The lights are on
What new ideas the game brings to the table and how well old ideas are presented.
How good a game looks, taking into account any flaws such as bad collision or pop-up.
Does the game’s music and sound effects get you involved or do they make you resolve to always play with the volume down?
Basically, the controller to human interface. The less you think about the hunk of plastic in your hands, the better the playability.
Flat out, just how fun the game is to play. The most important factor in rating a game.
Final Fantasy XIII has ascended to a nearly religious significance in the eyes of many gamers. A piece of heavy artillery in the constant console war, it was initially cited by many as the game to single-handedly justify a PS3 purchase. When it went multiplatform at E3 2008, the announcement was considered the biggest coup of the show, literally bringing some ardent fans to tears. With all of the emotions and expectations it carried before it was even a playable game, Final Fantasy XIII became more than just the next entry in this storied franchise. It became a symbol – a promise for the future of gaming. Once you begin playing, the fog of mythology surrounding the title quickly lifts, and you realize that Final Fantasy XIII is just a role-playing game. It doesn’t have any mystical powers or curative properties. It has systems, just like any mortal RPG – battle systems, leveling systems, and upgrade systems are all here, and they are exceptional. FF XIII is not the Game Whose Coming Was Foretold, but every aspect of the gameplay is precision-tuned to deliver the most technically impressive title in Final Fantasy history.
Since this series has long relied on a series of simple commands – like attack, magic, and item – to govern enemy encounters, I am surprised to report that combat is the greatest triumph of FF XIII. Square Enix has overhauled the concept of battle, focusing more on guiding the tactical flow of the fight rather than each character’s specific actions on a turn-by-turn basis. The result is a kinetic, fast-paced system that stands out as my favorite in the series. The mechanic revolves around the concept of paradigms, which are arrangements of characters with specific jobs and abilities. You will only have direct control over the party leader, while the other two members behave according to their assigned roles. A character in the sentinel role will soak up damage and attract enemy attention, allowing the other two to perform duties like debuffing or casting offensive spells. However, the tides turn often, and you’ll need to switch your paradigms mid-battle to adapt. You may have to bombard a well-armored robotic juggernaut with electrical spells until its defenses are down, and then quickly swap to a paradigm focused on physical attacks to do some real damage. After you get burned by the same robot’s super-attack, you may want to spend a few seconds in an all-medic paradigm to recover your HP before going back on the offensive.The idea seems simple at first, but the game gradually builds the complexity until you feel like a strategic powerhouse, creating and exploiting weaknesses by switching your paradigms every few seconds. It’s fun, easy to use, and a refreshing departure from the RPG norm. After just a couple hours, I abandoned my stubborn tendency to manually enter commands for my party leader; it slows down the frenetic pace, and the auto-battle command is more than adequate. Plus, it frees your attention to marvel at the breathtaking graphics and visual effects.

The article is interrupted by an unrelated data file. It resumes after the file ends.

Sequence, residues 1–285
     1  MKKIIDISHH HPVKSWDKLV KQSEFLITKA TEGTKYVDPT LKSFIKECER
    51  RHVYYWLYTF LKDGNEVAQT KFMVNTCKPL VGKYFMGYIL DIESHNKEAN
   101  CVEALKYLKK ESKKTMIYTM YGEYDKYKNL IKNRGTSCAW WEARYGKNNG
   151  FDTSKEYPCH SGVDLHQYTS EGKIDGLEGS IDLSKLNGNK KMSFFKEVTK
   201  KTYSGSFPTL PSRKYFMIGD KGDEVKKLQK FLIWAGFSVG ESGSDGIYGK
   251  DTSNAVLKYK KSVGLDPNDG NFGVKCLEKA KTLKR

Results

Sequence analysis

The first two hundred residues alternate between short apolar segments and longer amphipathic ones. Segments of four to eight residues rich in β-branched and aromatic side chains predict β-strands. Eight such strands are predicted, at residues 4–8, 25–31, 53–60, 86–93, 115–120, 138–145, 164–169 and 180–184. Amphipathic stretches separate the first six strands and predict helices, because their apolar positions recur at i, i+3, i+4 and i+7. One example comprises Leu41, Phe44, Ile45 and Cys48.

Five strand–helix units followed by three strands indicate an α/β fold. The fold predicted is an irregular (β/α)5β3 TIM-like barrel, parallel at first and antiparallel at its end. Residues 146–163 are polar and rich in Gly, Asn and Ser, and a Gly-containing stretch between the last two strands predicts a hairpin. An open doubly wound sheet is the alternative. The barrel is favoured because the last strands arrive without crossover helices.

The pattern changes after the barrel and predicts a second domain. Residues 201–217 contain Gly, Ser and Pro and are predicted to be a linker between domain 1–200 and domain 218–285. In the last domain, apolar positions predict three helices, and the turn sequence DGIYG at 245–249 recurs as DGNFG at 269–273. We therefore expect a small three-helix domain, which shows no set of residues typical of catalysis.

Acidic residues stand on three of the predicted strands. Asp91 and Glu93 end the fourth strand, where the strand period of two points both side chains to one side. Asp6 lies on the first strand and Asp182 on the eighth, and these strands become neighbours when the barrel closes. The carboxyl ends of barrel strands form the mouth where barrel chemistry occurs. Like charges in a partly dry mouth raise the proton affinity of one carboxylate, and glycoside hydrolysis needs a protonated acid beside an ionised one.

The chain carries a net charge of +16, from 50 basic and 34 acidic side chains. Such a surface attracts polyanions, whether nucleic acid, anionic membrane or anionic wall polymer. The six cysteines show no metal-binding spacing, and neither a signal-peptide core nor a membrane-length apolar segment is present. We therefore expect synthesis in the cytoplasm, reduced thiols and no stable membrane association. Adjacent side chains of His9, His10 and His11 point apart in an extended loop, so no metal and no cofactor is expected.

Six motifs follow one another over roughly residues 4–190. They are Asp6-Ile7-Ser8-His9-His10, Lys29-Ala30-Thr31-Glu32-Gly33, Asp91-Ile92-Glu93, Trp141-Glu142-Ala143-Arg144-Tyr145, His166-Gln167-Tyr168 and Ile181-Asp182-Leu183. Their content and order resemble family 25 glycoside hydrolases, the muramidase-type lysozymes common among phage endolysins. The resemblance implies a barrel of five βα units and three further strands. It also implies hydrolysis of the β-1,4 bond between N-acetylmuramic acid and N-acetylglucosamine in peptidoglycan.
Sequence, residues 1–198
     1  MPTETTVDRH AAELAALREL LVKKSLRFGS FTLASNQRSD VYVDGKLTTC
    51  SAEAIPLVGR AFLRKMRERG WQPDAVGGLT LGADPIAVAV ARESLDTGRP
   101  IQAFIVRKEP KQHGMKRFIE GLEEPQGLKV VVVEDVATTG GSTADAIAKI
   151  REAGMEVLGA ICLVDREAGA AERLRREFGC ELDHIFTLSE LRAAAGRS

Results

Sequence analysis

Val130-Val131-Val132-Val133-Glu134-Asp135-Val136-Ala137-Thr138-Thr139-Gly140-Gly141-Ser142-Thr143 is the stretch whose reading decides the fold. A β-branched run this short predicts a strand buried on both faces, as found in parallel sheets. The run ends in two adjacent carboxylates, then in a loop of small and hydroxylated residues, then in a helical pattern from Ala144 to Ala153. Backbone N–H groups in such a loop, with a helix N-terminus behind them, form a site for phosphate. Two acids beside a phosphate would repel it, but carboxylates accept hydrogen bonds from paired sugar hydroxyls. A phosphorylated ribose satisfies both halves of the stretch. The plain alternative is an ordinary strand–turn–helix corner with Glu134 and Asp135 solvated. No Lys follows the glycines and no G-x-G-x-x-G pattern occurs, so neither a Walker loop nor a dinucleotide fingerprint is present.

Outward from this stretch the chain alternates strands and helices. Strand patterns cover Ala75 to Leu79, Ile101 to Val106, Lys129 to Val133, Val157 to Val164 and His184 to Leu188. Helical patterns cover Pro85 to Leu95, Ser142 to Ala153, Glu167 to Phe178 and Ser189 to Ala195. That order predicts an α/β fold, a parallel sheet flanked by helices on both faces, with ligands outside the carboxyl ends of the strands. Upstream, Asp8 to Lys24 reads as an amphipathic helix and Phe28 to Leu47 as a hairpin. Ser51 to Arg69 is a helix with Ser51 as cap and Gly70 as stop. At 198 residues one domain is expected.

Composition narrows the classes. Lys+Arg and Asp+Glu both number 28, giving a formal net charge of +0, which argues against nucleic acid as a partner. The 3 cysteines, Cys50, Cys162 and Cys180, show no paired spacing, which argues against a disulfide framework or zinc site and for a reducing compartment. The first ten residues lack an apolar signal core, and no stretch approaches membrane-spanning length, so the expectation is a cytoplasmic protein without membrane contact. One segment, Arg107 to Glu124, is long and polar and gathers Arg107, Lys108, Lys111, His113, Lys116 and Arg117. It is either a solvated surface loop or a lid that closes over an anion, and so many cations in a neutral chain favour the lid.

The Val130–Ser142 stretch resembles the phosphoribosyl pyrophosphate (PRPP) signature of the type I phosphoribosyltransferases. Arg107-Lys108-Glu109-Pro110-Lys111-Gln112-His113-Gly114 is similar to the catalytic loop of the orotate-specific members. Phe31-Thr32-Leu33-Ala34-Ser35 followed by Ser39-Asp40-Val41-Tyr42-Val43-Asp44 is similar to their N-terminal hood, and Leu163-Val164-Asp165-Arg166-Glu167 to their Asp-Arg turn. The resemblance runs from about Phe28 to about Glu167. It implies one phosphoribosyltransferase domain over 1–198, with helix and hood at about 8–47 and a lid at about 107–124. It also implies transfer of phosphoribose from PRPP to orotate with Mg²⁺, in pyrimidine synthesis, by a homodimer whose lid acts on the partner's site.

The battles aren’t the only reason you should play FF XIII. The process of leveling up your characters, called the Crystarium, is a great hybrid of the sphere grid from Final Fantasy X and the job system from Final Fantasy V. You choose how each character progresses in his or her available roles, though the full Crystarium doesn’t really open up until relatively late – mainly because the plot dictates your party composition for the majority of the game. The ability to tweak and customize your party doesn’t really become possible until chapter 11 (of 13), which is also the only section of the game where I found a few hours of grinding necessary to progress.The only key area where FF XIII betrays fans – and this is heartbreaking for me to admit – is the story. The narrative makes a number of small missteps, but they all tie back to one larger issue: the characters. The game is largely driven by the personalities of the six main party members – their goals, mindsets, and personal revelations. Unfortunately, these revelations feel extremely rushed and artificial, forced by the necessity of moving the plot forward. These moments range from insipid to obvious, like “I was fighting because I was too scared to face my fate,” or “I didn’t tell anyone this piece of critical information because I thought they wouldn’t like me.” Periodic updates on the characters’ vacillating attitudes are poor substitutes for a clear long-term goal and a compelling antagonist. Even the Final Fantasy series’ B-squad bosses, like Zeromus and Necron, make more sense than your ultimate adversary in FF XIII.A good story is of paramount importance in a role-playing game, but the fact that FF XIII’s other elements compensate for its disappointing narrative is a testament to the overall quality of the experience. For years, gamers have had visions of this title as an industry-transforming epiphany, but no game could possibly live up to such astronomical expectations. That’s no reason to lose faith; though reality doesn’t match the myth, Final Fantasy XIII is a phenomenal RPG destined to be remembered as a technical milestone for the series.
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